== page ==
Now, I had a working app, but the store was not yet open. However there was an early access scheme. All I needed to was take part in an App Lab and suitably impress a Microsoft Windows Expert. This was exciting for several reasons. Firstly I’d get to go Microsoft’s Reading Campus and as a nosey person I was thrilled about this. More usefully I’d get several hours of help from an expert in Windows 8 and there were still a few things niggling me that I wanted to sort out.
It turned out I had more problems than I thought. The first thing we did was test Font Picker on a tablet and it crashed within seconds, which was just a little bit embarrassing. I found out later that this was a memory problem caused by using a layout panel that didn’t virtualise its contents. This memory problem was nicely hidden by my powerful dev machine, so we did the rest of the testing on that. I passed most of the other tests, but I would need to fix my crashing problem. They also wanted me to improve the design and had several suggestions on how to do that. Once that was sorted, I just needed to get retested.
I’d attended one of the first App Labs. By the time I’d fixed my problem and got to the top of the waiting list I was in the final set of them before launch. This time I chose to do the whole thing online, which saved me a lot of travelling time.
I expected to pass with flying colours as I’d done everything suggested, and I almost did, but they dropped a Columbo like ‘just one more thing’ on me.
They wanted the early access apps to show off the features of Windows 8 to the full. When you show long lists of things like fonts in my case, a Windows 8 App should have semantic zoom. So, I just needed to add that and then I would get my early access token.
This turned out to be more difficult in my case than it sounded. To keep the layout I wanted and not lose the layout panel virtualisation that kept my app from crashing on tablets I would need to do more than just follow the standard semantic zoom example. This took a lot of research and experimenting. I was so pleased once I finally solved this problem that I wrote a blog post about my solution.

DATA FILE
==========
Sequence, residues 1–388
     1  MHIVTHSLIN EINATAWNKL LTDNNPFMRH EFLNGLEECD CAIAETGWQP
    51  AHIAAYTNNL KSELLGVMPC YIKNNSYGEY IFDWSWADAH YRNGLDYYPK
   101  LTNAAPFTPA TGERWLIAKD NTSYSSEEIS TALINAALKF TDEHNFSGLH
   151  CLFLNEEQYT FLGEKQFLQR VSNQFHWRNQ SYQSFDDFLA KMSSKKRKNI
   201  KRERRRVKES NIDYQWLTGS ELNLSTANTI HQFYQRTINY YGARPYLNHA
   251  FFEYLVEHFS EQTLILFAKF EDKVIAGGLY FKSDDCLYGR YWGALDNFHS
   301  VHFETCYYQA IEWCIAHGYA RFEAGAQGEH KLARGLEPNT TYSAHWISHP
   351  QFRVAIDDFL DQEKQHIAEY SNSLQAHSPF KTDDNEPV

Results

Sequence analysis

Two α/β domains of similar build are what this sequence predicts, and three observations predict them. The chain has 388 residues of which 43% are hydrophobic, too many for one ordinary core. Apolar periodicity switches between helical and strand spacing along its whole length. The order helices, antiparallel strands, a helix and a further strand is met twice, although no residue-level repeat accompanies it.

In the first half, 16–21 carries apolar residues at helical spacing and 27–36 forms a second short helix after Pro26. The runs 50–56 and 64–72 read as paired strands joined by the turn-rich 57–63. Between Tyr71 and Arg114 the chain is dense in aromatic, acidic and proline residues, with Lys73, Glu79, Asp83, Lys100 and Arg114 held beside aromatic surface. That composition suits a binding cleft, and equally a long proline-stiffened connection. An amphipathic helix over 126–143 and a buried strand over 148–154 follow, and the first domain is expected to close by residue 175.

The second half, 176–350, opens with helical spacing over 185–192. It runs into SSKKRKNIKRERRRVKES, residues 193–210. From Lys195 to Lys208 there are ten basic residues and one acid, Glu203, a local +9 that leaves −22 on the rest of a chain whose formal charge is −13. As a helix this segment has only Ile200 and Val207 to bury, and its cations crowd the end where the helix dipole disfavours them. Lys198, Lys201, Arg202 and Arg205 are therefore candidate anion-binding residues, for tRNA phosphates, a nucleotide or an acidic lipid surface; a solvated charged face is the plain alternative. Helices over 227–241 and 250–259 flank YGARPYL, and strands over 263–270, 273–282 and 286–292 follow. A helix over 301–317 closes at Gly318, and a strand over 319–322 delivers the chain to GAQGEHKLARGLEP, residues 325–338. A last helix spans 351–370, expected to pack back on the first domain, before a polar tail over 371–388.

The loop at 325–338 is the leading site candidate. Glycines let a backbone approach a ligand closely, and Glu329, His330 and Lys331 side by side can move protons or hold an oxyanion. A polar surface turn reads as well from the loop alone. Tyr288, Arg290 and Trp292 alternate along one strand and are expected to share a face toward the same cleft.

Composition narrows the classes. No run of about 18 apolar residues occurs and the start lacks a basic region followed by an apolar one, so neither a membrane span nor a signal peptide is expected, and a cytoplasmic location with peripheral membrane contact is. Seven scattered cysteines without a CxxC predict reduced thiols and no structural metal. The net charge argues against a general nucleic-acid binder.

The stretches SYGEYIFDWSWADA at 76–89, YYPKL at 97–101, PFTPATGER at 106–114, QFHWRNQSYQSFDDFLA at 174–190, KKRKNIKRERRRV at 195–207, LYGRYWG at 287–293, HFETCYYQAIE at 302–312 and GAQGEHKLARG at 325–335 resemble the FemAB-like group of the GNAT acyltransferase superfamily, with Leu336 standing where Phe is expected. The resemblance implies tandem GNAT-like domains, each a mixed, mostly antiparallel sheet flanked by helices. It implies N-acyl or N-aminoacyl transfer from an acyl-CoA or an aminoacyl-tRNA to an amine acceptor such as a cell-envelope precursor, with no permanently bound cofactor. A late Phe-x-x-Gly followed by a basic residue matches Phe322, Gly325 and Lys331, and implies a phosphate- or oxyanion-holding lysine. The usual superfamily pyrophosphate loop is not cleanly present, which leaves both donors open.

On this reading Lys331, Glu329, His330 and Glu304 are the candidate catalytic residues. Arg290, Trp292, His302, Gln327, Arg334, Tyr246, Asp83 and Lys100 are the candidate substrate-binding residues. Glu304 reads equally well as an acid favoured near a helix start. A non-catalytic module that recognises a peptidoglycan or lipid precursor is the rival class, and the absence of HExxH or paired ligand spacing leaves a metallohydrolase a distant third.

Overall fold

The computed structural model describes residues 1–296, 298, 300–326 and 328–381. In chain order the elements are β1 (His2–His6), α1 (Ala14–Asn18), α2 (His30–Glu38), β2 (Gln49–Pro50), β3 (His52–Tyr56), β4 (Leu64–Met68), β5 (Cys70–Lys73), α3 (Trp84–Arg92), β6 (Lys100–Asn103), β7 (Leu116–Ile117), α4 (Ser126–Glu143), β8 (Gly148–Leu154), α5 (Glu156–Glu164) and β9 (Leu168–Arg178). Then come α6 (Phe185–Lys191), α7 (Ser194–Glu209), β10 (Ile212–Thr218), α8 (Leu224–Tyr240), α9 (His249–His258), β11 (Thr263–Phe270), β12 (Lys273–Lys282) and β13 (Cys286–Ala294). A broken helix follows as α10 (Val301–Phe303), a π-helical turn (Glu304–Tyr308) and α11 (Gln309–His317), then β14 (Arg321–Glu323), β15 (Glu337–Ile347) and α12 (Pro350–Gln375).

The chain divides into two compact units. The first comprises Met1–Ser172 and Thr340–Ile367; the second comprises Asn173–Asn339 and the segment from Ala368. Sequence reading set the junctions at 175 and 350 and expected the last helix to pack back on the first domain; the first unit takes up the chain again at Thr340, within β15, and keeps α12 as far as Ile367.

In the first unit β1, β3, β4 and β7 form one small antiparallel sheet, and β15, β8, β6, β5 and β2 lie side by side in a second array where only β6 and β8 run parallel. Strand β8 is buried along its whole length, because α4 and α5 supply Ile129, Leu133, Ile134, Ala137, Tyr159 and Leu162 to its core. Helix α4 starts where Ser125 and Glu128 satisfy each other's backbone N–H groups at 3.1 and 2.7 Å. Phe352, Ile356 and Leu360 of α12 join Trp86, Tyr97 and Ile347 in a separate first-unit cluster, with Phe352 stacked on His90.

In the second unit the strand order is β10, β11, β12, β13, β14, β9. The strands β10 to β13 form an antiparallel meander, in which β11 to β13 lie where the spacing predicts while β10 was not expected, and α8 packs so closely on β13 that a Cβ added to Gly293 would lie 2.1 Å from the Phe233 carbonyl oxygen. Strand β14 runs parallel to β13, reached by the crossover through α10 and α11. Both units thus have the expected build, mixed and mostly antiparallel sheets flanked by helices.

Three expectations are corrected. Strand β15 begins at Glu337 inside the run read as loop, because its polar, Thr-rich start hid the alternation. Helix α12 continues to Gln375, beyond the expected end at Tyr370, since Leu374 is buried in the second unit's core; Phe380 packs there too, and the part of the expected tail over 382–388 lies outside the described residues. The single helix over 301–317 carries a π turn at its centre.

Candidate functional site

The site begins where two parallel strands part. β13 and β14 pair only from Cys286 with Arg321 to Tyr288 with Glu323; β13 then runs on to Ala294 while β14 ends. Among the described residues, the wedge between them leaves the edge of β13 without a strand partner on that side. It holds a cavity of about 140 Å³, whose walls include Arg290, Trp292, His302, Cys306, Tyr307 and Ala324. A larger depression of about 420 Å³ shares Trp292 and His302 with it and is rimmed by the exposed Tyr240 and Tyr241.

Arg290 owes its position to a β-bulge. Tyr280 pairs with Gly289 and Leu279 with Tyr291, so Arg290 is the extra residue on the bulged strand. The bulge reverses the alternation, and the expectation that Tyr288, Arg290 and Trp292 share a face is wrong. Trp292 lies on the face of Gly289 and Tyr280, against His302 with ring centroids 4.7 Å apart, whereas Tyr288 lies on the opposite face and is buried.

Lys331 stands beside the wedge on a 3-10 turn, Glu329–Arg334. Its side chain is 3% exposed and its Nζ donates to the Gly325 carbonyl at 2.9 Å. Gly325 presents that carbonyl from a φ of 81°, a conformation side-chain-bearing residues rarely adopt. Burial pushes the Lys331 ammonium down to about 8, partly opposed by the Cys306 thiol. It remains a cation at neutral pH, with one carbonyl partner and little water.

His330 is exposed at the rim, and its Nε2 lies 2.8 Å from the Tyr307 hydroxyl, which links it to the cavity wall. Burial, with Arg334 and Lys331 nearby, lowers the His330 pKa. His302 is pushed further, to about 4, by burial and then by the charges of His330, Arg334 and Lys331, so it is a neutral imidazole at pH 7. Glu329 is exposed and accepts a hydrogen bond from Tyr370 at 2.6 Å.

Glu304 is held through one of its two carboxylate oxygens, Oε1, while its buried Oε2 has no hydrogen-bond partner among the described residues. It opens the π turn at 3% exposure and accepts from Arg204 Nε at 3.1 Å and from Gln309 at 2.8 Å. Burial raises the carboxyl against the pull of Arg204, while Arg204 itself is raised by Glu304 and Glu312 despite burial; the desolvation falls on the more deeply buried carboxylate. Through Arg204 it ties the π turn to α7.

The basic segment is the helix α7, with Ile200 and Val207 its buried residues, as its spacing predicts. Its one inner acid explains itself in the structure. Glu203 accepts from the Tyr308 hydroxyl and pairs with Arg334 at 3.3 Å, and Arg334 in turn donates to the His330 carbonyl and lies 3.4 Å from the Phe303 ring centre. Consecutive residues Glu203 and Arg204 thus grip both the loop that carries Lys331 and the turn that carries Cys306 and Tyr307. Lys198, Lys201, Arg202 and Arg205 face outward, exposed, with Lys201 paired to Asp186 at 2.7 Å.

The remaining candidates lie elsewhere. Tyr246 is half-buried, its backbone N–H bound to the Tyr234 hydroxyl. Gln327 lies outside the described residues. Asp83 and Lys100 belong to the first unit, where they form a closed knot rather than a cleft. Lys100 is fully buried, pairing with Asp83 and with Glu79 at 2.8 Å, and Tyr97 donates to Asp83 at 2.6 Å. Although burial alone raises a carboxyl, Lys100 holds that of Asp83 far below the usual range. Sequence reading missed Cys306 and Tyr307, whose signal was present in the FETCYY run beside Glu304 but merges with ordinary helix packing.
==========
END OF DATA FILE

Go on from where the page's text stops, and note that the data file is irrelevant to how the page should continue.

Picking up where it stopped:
With this problem solved I was finally ready for access to the store. Unfortunately the delay meant I’d missed early access programme and got into the store with the first set of developers getting ready for general release.
I’m a big fan of the Minimum Viable Product. Build the minimum feature set that will allow you to prove that an idea works and it solves a real problem in a way that people like. The App Labs forced me to go beyond that and make better use of Windows 8 features than I would have done in this first version. It’s a better app for it, and I massively appreciate the time taken to help me. I think it’s largely due to this help that Font Picker was a top ten prize winner at The Creative Bloq App Contest.
Another highlight of this for me was getting to see Steve Ballmer speak at an event at Modern Jago for Windows 8 developers. I’m normally quite sceptical of such things, but I got totally caught up in his enthusiasm. I’ve also met a lot of great developers at the events who I’ve kept in touch with through twitter. They’ve been a great help and a lot of fun.
Hopefully this article has given you some good tips on how to get started. The journey from idea to finished product was not smooth, but seeing your idea realised is very rewarding. Now I just need the time to make all my other ideas and possibly v2 of Font Picker.
If you’re interested in developing for Windows 8 then I’d check out these resources that I mentioned earlier in the article:
· Windows Store Roadmap
· Programming Windows by Charles Petzold
· Store Code Samples
· WinRT documentation
They’re also still running App Labs, so if you have an app you’d like help with why not take it along to one.
Richard Garside is a freelance .NET developer working mainly with .NET MVC, Orchard and Windows 8. He recently became an award winning Windows 8 developer for his app Font Picker, but he doesn’t like to boast about it. He is also a founding and managing member of Leeds Sharp, a user group for .NET developers in Leeds.